What do sites & messages like this accomplish? Honestly asking.
Agree completely. I find them to be more anti-intellectual than the vacuous messages themselves. Which is what's interesting about how popular they are.
Agree. Do people really expect in-depth, reasoned critiques to Dribbble posts? Who has that kind of time?
Funny thing is a lot of people actually mind critiques and will basically delete or ignore them as they use Dribbble as a portfolio platform, and they don't want potential clients to notice the 'mistakes'. As long as they don't finish off with 'please check out my work' then I give no fucks.
It accomplishes being funny. It's that thing humans do when they open their mouthes, squint a bit and make a repeated halting "ha" noise that causes them to struggle to breath a bit.
Makes you think, "what are you missing that people find attractive about this project. Or maybe you are the target audience." This project does attract hate, and therefore all the critics. It's simple execution allows room to interpret our own feelings about it. And right now, no one can argue its impact. It's opened this post to lots of discussion. In that way this project accomplishes alot.
At least, I know it's valuable to you Eli, you've made a name for yourself sharing subjects to heavily critique. It wouldn't surprise me if you somehow had a hand in making this project.
Imo, this shouldn't be seen as a means to accomplishing anything. This falls in the realm of self expression, like art :) Sometimes we just want to be heard, and make a splash.
If this was supposed to be an art, then okay. Though I agree with Charlie Pratt, can't seem to see what the message like this is accomplishing. If anything, there could be more substance to using comments that have the wrong intent rather than appreciating the work / leaving constructive criticism. But instead, it's like spreading the wrong message that simple compliments to your work is a waste of time.
Sometimes we just want to be heard, and make a splash.
The irony being the comments that they lament are indeed trying to achieve the same thing
One way to get more followers on Twitter and the like is to simply comment and "engage". Some people are better at engagement than others, though.
Are these kinds of comments not just another way of applauding, instead of providing feedback? And what is so bad about applauding? This medium is not very good for deep and honest conversations.
It's just some social commentary in the form of a website to drive the point home a bit better.
There's more than one way to skin a cat.
They accomplish a once time good laugh.
ur edgy for calling it edgy eksdee
I'll play devils advocate...
If you want constructive feedback... then you shouldn't be posting completed work or over styling your post. If that was the case, you would see a lot more sketches and early work on dribbble. Instead you are asking at hour 30 instead of hour 3. On the positive side, its the only comment system that may be pointless, but doesn't have trolls.
Maybe there is a critics corner or a tag that you can submit your posts to, so people know you are seeking feedback outside of the "Nice".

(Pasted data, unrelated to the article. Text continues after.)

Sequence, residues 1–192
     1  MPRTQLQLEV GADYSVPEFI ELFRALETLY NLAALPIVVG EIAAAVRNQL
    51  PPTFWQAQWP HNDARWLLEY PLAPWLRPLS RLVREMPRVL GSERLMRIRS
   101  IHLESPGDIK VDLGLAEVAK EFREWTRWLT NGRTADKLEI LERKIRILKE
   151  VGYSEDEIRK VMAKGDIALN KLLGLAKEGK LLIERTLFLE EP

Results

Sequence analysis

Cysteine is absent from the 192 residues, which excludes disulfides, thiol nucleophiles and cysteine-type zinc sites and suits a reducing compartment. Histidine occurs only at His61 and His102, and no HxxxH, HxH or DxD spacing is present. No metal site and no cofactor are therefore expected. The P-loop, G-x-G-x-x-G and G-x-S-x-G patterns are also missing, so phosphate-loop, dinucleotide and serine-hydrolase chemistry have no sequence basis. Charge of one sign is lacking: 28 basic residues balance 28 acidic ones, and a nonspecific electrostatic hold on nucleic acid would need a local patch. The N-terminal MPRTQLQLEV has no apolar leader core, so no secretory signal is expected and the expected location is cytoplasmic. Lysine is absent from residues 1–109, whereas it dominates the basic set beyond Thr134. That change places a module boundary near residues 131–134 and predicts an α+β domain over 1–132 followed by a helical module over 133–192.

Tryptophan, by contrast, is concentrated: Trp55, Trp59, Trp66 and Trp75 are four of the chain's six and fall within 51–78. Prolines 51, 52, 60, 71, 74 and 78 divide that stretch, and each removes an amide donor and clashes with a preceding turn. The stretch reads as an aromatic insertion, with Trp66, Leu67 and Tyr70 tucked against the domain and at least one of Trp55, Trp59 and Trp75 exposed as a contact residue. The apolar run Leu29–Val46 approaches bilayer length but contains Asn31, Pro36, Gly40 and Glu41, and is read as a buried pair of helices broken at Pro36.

That's a nice idea!
When I see sites like this I see jealousy more than anything else. Who is really tired of compliments? Criticism plays a big role in the design process. It helps shape our design. But dribbble is not a platform where people are sharing in-process work.
Designing and shipping things is hard work. Sometimes after you have labored through hours of design, critiques, and client calls, all you want is a "Congrats!"
Sites like this are toxic, and full of contempt. Instead of giving a path forward they prevent people from wanting share, engage, or even have a conversation.
Yes conversation is vital... But hey, "we aren't all tired of this", there is a place for this.
This one is stupid. There's nothing wrong with these comments. They're not done automatically like, "please check my work at blablabla".
This is incredible!
I recall Cederholm partly chose the name "dribbble" because it was a metaphor for "slowly dribbling out your work in progress" and boy has that changed.
Anyway, yeah. The medium is the message, blah blah. Comments aren't really for anyone other than the one who shared it, and those that share aren't really looking for critique. An emoji feedback system would work just as well.
I didn’t realize this was such a sensitive topic. I personally like comments to the point, not long, boring stories.
This is why I miss Forrst, way less useless comments and people actually posted process/WIP. Too bad it was sold to Zurb and killed off.
This is by Noe Araujo and Samuel Bran.
See the comments on Dribbble
Same favicon as this site: http://daryl.github.io/ (Not that it means anything...)
I give "likes", "hearts" or "appreciations" to designs I like, to designers I know, sometimes I will give "like" to designer from my area. But when I am thrilled with some design, I will wright a comment. This happens in five or ten percents among the designs I have liked. So, for me, giving a nice comment is achievement, one step above the usual "likes". Sometimes I will just wright "fantastic work", sometimes I will explain why I like a particular design so much.
When I want to discuss and receive a critique, I will rather send my work in progress to my friends - designers I appreciate and trust their opinion.
I'm the same way.
Can't believe this is on top 3 on the week.
Be thankless, it's a much better way to live! /s
Hah... how do you find this stuff!?
Can I just say “HK Grotesk” on the site is also a Behance free font
Dang dude. Super clean! Good stuff.
The new branding for Internet Corps of You're Doing it Wrong kicks ass!
I don't see anything but "F*ck you, we are tired of this" http://www.gta5-wiki.com/cheats